Laura Swanton running in the lead on leg 2, The Ridgeway
Laura forged ahead, hoping for a dream finish to her Grand Slam and she stretched her lead to a seemingly unassailable 57 minutes coming in off of leg three to the 75 mile point. Rachel Fawcett still in second in 13:45. By this stage it was two of the international runners in the womens field who were showing their vast experience and moving up through the field. Sharon Law was 8th early on before moving into third by the end of Leg three in 13:51 just six minutes back of Rachel. Wendy Shaw hovering just off the podium places in 13:58 elapsed.
Everything changed over the final leg apart from Laura's hold on the race. She ran home for her debut Centurion 100 mile win in 18:27 and took the Ladies Grand Slam title in the process. It was wonderful to see her end a consistent year in such great fashion. Sharon and Wendy both ran extremely well over the final leg to take home second and third respectively. Rachel Fawcett missed out on the podium by just 2 minutes but took second place in the Grand Slam in the process, another fine end to the year.
Laura Swanton with her winners trophy
All in all we welcomed 168 runners over the line for a solid finish rate of 71%. 85 made it home under the 24 hour mark to earn their 100 mile - One Day Buckles.
In the Grand Slam, Peter Windross with his third place saw out a year of tremendous consistency, shattering the existing Slam record by over an hour and 45 minutes to set a new mark of 66:57:48. Second went to Alex Whearity in 77:24 and third to Andrew Smith in 81:40.
Laura Swanton won the womens in 77:57:46 over Rachel Fawcett in second in 85:30:39 and Maria Russell in third in 96:37:49.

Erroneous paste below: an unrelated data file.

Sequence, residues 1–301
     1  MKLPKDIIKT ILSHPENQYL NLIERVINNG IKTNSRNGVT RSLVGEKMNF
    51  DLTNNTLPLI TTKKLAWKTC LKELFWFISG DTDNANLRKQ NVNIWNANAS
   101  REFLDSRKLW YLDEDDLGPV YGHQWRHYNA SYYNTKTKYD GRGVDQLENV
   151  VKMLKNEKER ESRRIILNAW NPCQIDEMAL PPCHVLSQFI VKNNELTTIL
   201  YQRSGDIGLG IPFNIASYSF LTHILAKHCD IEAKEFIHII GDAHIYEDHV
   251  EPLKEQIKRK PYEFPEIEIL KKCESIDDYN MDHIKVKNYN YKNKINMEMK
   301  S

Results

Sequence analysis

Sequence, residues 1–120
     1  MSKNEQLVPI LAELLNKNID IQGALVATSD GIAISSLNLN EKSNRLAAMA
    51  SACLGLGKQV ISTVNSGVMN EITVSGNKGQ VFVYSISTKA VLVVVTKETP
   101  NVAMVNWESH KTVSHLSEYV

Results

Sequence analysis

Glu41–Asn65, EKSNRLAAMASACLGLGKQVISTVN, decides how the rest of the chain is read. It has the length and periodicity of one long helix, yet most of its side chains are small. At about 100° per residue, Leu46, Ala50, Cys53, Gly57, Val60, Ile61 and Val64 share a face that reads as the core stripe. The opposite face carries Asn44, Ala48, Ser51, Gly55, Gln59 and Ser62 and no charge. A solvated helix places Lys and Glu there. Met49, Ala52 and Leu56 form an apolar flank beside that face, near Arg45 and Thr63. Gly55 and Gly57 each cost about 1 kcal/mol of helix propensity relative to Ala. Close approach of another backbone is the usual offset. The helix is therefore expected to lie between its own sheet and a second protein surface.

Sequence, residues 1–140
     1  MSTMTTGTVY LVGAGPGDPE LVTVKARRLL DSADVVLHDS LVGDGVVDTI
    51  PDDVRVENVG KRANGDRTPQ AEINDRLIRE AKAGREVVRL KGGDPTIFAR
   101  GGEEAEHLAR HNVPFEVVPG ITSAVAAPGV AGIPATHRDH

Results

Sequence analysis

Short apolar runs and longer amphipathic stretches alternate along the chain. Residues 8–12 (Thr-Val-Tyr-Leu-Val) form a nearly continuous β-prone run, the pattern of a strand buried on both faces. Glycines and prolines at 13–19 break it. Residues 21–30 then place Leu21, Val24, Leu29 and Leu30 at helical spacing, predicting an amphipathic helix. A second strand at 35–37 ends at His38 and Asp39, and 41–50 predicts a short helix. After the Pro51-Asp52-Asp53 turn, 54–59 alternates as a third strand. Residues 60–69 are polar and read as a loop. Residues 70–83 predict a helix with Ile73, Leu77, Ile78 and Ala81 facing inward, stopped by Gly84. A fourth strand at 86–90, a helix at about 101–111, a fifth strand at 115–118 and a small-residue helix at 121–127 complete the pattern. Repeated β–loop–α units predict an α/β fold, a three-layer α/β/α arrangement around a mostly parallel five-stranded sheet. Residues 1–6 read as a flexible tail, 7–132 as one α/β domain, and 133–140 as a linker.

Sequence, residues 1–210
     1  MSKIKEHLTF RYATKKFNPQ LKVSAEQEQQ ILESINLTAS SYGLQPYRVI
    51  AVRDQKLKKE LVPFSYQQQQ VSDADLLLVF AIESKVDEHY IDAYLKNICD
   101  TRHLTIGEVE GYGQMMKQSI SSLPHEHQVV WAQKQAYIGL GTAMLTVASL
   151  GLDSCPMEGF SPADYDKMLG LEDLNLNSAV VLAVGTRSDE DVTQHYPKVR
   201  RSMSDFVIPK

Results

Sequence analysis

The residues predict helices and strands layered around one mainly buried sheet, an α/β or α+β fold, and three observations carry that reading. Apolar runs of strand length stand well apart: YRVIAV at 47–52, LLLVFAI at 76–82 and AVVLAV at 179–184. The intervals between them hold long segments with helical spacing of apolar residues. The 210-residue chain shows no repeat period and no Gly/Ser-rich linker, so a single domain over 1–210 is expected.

Ken Fancett continues to set record after record and completed his sixth Grand Slam on the day.
A notable mention also for Dave Brock. Dave came in to the 50 mile mark in considerable pain in both his back and leg. He was able to rouse himself out of the door for Leg three with just 31 minutes to spare inside the cut off. He then pulled off the rarest of all feats, a negative split in a 100 mile event (noting that the second half of the A100 is a mile longer than the first also) to come home in 27:07. A truly remarkable achievement and an amazingly gutsy run to complete the slam.
In the age group categories. Peter Windross took home first MV40 and Sharon Law FV40. Eduard Egelie in his sixth appearance at this race took MV50 and Michelle Payne the ladies V50 cat - also setting a new record of 23:39. MV60 went to Kenneth Fancett for the sixth time in six starts here, and Sandra Brown the FV60 for the second time in two starts. Both still hold the V60 category records.
Sandra Brown also continued her progress towards the truly astonishing target of 200 x 100 mile life time finishes. Her finish here was a 196th successful 100 mile race completion.
John Fanshawe won the MV70 category for the second time, and in completing the Grand Slam, becomes the first V70 to do so.
The final Grand Slam table is now available here.
We move on to our final event of the season on November 17th up at Wendover Woods which concludes an incredible 2018. A huge thanks as always to our sponsors but the biggest thanks of all to the 88 volunteers who enabled this race to pass off successfully and safely in very trying conditions.